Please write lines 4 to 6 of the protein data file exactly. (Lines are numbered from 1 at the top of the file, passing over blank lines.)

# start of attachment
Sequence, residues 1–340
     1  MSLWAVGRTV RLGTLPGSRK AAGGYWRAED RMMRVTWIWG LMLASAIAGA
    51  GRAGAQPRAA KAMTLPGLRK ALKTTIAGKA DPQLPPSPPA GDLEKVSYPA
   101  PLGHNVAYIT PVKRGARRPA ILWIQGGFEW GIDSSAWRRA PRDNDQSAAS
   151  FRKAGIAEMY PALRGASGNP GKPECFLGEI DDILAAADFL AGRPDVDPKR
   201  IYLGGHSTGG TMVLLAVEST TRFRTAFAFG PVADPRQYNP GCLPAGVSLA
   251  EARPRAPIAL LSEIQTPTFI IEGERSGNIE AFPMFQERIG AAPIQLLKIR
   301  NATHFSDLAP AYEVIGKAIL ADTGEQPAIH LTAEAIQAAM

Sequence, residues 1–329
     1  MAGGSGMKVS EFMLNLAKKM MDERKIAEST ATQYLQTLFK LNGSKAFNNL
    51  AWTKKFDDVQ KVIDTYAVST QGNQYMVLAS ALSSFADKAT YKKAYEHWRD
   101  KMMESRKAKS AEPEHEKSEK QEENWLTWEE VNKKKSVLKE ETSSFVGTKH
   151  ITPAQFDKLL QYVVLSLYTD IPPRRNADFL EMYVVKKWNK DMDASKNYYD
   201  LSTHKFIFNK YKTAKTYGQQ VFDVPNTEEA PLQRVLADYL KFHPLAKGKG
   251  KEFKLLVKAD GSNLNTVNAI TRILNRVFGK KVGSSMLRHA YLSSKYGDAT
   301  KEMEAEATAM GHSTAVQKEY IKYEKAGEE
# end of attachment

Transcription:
   101  PLGHNVAYIT PVKRGARRPA ILWIQGGFEW GIDSSAWRRA PRDNDQSAAS
   151  FRKAGIAEMY PALRGASGNP GKPECFLGEI DDILAAADFL AGRPDVDPKR
   201  IYLGGHSTGG TMVLLAVEST TRFRTAFAFG PVADPRQYNP GCLPAGVSLA